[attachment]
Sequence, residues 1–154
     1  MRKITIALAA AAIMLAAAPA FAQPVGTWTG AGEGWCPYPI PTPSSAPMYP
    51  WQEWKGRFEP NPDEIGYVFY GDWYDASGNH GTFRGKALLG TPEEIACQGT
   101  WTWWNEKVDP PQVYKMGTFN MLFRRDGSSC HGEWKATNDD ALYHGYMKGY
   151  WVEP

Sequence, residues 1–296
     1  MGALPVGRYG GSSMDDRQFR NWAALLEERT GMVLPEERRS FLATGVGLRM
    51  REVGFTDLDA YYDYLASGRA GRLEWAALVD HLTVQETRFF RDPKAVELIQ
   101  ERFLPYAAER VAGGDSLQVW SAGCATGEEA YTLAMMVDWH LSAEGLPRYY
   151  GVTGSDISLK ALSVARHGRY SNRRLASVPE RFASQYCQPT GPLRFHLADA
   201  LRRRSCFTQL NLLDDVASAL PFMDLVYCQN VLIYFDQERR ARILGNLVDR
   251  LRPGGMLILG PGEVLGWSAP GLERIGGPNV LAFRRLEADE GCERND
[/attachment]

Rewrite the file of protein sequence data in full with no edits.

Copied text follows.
Sequence, residues 1–154
     1  MRKITIALAA AAIMLAAAPA FAQPVGTWTG AGEGWCPYPI PTPSSAPMYP
    51  WQEWKGRFEP NPDEIGYVFY GDWYDASGNH GTFRGKALLG TPEEIACQGT
   101  WTWWNEKVDP PQVYKMGTFN MLFRRDGSSC HGEWKATNDD ALYHGYMKGY
   151  WVEP

Sequence, residues 1–296
     1  MGALPVGRYG GSSMDDRQFR NWAALLEERT GMVLPEERRS FLATGVGLRM
    51  REVGFTDLDA YYDYLASGRA GRLEWAALVD HLTVQETRFF RDPKAVELIQ
   101  ERFLPYAAER VAGGDSLQVW SAGCATGEEA YTLAMMVDWH LSAEGLPRYY
   151  GVTGSDISLK ALSVARHGRY SNRRLASVPE RFASQYCQPT GPLRFHLADA
   201  LRRRSCFTQL NLLDDVASAL PFMDLVYCQN VLIYFDQERR ARILGNLVDR
   251  LRPGGMLILG PGEVLGWSAP GLERIGGPNV LAFRRLEADE GCERND